Over the past couple of years, residential EVSE prices have fallen. There are
more available cable choices, features
and options, and charging equipment
can be either cord-connected or hardwired. According to Manoj Karwa,
senior director of EVSE and surge programs for Leviton Manufacturing Co.
Inc., Melville, N. Y., the market is crowded
with major manufacturers, traditional
residential-wiring companies and many
“There is already some consolidation in the marketplace with fewer new
entrants and an expected 300,000 PEVs
expected to hit the road in 2015,” he said.
That large number is in addition to
the 272,000 PEVs sold in the United
States between 2012 and 2014.
With the existing public, free PEV
charging infrastructure unable to keep
up with the rate of PEVs being deployed,
home charging options have become
“PEV drivers are looking for
increased vehicle utilization and faster
charging speeds, leading to more installation of Level II chargers in residential
applications,” said Jeff Kuykendall, product manager for Eaton Corp., Cleveland.
Level II chargers have a capacity of
240 volts alternating current and up to
30 amperes (A) of power, enabling owners to fully charge a vehicle in about six
hours. Level IIs are available from most
electrical distributors and can be wall
mounted or placed on a pole/pedestal.
“Most all-battery electrical vehicles
are able to get the most benefit with
Level II charging,” Karwa said.
Level I chargers typically come with
the vehicle and can plug into any standard 120V outlet. They provide up to
1. 4 kilowatts of power at 120V and are
known as “trickle chargers” due to their
slow charge rate of about 12 hours.
“Upgrading to a Level II charging
station implies an additional cost to the
homeowner; however, with increasing support and engagement from local
governments and utilities, some of this
cost may be covered through rebate
programs,” said Adriane Breiner, director, electric vehicle solutions, Schneider
Electric, Palatine, Ill.
The owner can keep the Level I charger in the trunk for charging away from
home, if necessary.
Choosing and implementing
The EC can help the homeowner choose
and implement a residential PEV charging solution by first understanding the
duty cycle, which is dependent on the
maximum current setting of the EVSE,
and then by asking the right questions
about the type of car, the owner’s lifestyle, where the car is parked, etc.
“Other factors that go into determining the extent of the installation and the
type of charging station and other supplies needed for it include panel size,
how far the panel is from the charging
station, whether trenching is required,
when charging will occur, and whether
there are any utility or municipal incentives,” Karwa said.
In addition, the contractor and
homeowner need to consider the home
infrastructure when installing a PEV
charger and give thought to the electrical service and mounting location.
“Before a charger is installed, the contactor should assess the homeowner’s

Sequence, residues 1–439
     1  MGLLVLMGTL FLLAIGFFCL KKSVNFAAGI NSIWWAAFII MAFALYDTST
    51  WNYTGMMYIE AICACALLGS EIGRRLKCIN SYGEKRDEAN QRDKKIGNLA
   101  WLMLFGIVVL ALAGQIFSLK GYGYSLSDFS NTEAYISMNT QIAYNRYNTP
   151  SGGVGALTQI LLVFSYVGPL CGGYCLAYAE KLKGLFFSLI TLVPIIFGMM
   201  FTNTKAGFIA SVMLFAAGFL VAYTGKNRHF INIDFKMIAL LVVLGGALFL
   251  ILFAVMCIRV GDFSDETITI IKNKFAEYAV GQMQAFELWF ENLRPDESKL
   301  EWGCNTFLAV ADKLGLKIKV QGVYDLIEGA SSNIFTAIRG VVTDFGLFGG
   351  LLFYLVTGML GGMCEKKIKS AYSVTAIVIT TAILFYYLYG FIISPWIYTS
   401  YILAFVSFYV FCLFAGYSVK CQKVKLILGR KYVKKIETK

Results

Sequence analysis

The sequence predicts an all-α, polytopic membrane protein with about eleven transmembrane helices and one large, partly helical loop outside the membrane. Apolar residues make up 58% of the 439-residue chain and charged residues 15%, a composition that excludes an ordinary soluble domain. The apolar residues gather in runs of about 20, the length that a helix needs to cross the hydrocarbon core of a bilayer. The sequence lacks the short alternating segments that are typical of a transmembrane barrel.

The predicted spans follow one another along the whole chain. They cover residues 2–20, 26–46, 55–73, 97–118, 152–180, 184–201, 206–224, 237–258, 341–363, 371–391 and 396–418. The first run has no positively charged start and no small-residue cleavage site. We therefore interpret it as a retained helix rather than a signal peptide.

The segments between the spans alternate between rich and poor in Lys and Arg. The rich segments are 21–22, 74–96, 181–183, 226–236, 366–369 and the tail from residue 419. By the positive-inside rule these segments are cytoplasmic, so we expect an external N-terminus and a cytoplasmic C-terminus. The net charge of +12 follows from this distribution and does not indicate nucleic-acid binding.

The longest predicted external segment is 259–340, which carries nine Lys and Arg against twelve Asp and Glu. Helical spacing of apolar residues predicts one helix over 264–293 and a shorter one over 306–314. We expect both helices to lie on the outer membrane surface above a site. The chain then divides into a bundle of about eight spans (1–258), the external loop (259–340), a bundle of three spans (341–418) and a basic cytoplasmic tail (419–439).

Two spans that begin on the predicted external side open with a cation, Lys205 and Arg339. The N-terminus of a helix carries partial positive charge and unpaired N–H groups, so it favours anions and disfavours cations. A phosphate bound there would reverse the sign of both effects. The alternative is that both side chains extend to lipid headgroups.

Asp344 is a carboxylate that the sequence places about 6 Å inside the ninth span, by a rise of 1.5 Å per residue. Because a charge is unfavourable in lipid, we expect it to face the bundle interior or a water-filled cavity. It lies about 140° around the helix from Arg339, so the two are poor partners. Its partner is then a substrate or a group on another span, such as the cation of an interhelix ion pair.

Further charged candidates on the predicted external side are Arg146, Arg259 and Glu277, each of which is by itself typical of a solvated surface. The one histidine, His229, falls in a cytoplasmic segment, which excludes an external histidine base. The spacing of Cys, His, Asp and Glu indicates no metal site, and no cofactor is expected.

load-center capacity and determine if the
40A load needed for a Level II charger
can reasonably be added to the existing
system,” Kuykendall said.
The homeowner should also consider
how many access points are needed now
and in the future, because needs might
In the near future, homeowners need
to factor in the charging stations’ advanced
capabilities, according to Breiner.
“These may include integration
of the charging station to an existing
smart-home energy-management system, remote start/stop of charging from
a mobile app, or other features that give
homeowners additional convenience and
more overall control,” she said.
Learning about charging equipment
and supplies is the key to market success,
“A contractor’s ability to educate consumers on the functional and operational
differences of products is very important
to both helping homeowners understand
their options and to moving the industry
forward,” he said.
As the PEV market grows and environmental concerns mount, charging
stations will become standard equipment in new high-end market homes and
zero-emission vehicle states, according
“With the integration of home charging stations and renewable-energy
solutions, electrical contractors will
have the opportunity to offer a full suite
of green installations,” he said.
Plug in, Plug out and Go
Residential PEV charging
THE GLOBAL PLUG-IN ELECTRIC VEHICLE (PEV) charging market is closely
tied to the state of PEV sales and is entering a phase where electrical vehicle supply
equipment (EVSE) is becoming a commodity, according to Navigant Research. However, Navigant expects the global revenue from that commodity market to grow from
$81.1 million in 2014 to $2.9 billion by 2023. Because the installations of EVSE must
comply with local, state and national codes and regulations, and may also require
appropriate permits from local building, fire, environmental and electrical inspecting and permitting authorities, the electrical contractor is in an excellent position to
pounce on this market.
BREMER, a freelance writer based in Solomons, Md., contributes frequently to ELECTRICAL
CONTRACTOR. She can be reached at 410.610.7164 and email@example.com.
TECHNOLOGY BY DARLENE BREMER